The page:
Skiied almost my entire life, starting when I was 3 years old.
When I was 12 I rented a snowboard at Alpine Valley (small hill/bump in Michigan) with no idea what I was doing.
Took the entire night but eventually figured it out, after falling probably 300 times. First day pretty much learned the "falling leaf" method where you stay on your heelside edge the whole time, then started doing the same but on the toeside edge... then linked them together. I was hooked instantly.
Went soon after that and bought my first gear: Burton A49 (A = all mountain), RED bindings (yes, they used to make bindings before they even made helmets, etc.) and some Burton Work boots.
I was still much better at skiing than I was at snowboarding at that point, and every year I would go with my Dad and his friends on ski trips out west. Mostly Colorado, but also went to Tahoe and Utah. We always rode blacks and double blacks... so I would always ski (couldn't keep up on the snowboard).
After I was about 15 or 16 I quit skiing forever. Bought a new board when I was 19 (Ride All Mountain 155) and kept the old shitty bindings, and bought Burton Hail boots in about 2003ish.
Just bought a pair of Burton Cartel's from about 04-05' on craigslist last year - light years ahead of those 15 year old RED bindings. Wow, what an upgrade haha.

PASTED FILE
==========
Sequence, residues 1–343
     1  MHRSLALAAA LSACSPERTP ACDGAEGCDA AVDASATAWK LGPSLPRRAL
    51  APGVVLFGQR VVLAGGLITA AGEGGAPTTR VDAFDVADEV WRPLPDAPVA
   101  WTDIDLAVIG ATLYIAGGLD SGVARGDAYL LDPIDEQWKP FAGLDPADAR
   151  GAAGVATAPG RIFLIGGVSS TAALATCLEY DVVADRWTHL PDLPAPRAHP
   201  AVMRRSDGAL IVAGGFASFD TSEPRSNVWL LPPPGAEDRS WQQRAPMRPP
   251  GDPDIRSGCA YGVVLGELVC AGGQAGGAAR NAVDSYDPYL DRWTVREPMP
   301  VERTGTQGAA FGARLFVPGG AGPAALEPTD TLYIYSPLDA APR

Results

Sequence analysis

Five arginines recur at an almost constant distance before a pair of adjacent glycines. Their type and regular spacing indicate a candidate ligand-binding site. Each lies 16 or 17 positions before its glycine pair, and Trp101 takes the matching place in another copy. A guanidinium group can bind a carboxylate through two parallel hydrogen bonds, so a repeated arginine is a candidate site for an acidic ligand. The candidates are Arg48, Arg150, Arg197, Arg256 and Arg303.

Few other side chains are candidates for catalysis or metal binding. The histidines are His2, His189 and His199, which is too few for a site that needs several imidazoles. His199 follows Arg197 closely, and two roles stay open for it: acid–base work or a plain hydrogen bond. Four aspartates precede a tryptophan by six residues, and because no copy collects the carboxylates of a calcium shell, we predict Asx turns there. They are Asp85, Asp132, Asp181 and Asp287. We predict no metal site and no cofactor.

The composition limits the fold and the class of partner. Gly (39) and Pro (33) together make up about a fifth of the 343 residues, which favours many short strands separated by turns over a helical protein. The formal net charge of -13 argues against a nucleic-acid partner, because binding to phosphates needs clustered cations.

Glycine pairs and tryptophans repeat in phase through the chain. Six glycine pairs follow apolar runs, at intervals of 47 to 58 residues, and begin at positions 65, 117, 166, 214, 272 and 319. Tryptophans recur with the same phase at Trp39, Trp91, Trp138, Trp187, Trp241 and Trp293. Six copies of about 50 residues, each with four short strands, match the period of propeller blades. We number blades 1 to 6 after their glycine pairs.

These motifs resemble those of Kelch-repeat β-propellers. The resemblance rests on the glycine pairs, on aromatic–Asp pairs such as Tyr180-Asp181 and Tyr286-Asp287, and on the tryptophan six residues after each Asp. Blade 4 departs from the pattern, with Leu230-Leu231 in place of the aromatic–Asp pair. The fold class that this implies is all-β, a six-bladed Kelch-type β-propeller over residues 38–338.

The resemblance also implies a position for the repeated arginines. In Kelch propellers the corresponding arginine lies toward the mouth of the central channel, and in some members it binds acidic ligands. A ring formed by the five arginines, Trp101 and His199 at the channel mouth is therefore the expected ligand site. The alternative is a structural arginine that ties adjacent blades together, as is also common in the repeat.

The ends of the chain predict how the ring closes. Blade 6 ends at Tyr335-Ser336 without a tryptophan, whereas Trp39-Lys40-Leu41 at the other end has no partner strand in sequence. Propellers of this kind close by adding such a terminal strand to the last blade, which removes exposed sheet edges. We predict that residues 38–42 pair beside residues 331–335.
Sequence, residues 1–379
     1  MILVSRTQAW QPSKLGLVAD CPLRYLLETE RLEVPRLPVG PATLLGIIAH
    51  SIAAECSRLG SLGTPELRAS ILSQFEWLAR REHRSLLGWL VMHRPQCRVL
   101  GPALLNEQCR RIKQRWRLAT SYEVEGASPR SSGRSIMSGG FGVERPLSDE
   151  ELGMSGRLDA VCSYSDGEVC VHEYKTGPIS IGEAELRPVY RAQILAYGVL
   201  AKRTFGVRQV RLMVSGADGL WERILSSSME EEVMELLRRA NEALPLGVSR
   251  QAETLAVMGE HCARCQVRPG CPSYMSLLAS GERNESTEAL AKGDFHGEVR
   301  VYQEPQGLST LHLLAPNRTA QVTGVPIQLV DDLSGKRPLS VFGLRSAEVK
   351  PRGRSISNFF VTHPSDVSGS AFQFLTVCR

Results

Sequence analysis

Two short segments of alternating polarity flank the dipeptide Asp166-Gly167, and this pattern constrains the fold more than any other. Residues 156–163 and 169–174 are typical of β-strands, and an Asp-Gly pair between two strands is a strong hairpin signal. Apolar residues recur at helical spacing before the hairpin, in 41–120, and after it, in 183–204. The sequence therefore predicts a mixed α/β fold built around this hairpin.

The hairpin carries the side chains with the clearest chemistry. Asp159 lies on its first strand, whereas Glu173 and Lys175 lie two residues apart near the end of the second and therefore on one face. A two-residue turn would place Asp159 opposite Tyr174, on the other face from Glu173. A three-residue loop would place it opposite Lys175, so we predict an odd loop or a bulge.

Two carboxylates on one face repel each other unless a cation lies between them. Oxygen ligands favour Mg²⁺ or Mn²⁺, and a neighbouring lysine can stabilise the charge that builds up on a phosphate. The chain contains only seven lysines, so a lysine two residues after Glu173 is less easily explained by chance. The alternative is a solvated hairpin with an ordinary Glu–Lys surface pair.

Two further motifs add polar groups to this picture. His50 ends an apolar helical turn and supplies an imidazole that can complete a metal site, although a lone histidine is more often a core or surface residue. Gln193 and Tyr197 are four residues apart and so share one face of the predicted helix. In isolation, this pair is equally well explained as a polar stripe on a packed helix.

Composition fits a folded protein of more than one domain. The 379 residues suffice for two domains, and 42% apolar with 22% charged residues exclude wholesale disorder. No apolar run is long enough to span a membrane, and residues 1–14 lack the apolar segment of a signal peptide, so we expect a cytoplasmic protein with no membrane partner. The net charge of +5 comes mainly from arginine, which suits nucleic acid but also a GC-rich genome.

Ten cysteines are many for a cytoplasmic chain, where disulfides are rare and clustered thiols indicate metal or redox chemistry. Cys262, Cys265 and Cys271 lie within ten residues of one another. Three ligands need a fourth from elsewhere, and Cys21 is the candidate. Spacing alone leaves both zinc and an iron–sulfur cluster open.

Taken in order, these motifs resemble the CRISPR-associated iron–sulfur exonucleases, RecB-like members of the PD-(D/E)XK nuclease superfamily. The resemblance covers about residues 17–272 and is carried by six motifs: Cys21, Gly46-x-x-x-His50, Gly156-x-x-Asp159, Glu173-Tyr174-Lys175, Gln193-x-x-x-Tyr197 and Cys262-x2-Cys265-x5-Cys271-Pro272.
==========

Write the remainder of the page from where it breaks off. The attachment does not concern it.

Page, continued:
Now I just bought a Banana Magic (2010) and I'm probably going to get the Rome Targas. Keeping the Hail boots.
Between the age of 12 and 26 (which is how old I am now), I've probably taught 10-20 different people to snowboard (my dad, cousins, mostly friends). Last year was the first time I really got to tear it up on my snowboard out west. 5 dudes, all pretty good riders, riding for 4 straight days line open to last call in Colorado.
I've found that the easiest way to teach them is the falling leaf method. Help them first get a hold of that heelside edge so at worst they can just slid straight down (like you would when you come to a stop on your heelside edge). Then slide to their right and come to a stop again. Then slide to the left and come to a stop again. Eventually they'll be comfortable with their heelside edge. Then start them off on their toe side edge doing the same thing: slide right, stop. Slide left, stop. link. After they master both edges... then they can start linking turns.
Sorry for the super long post... but that is how I taught myself and taught many other people. I consider myself a pretty good rider now in that I will ride any part of the mountain (any mountain, not limited to Michigan obviously) (blue, black, double black, skull & cross bones). Never was interested in the park though.
Last edited by turbospartan; 12-10-2010 at 11:26 AM.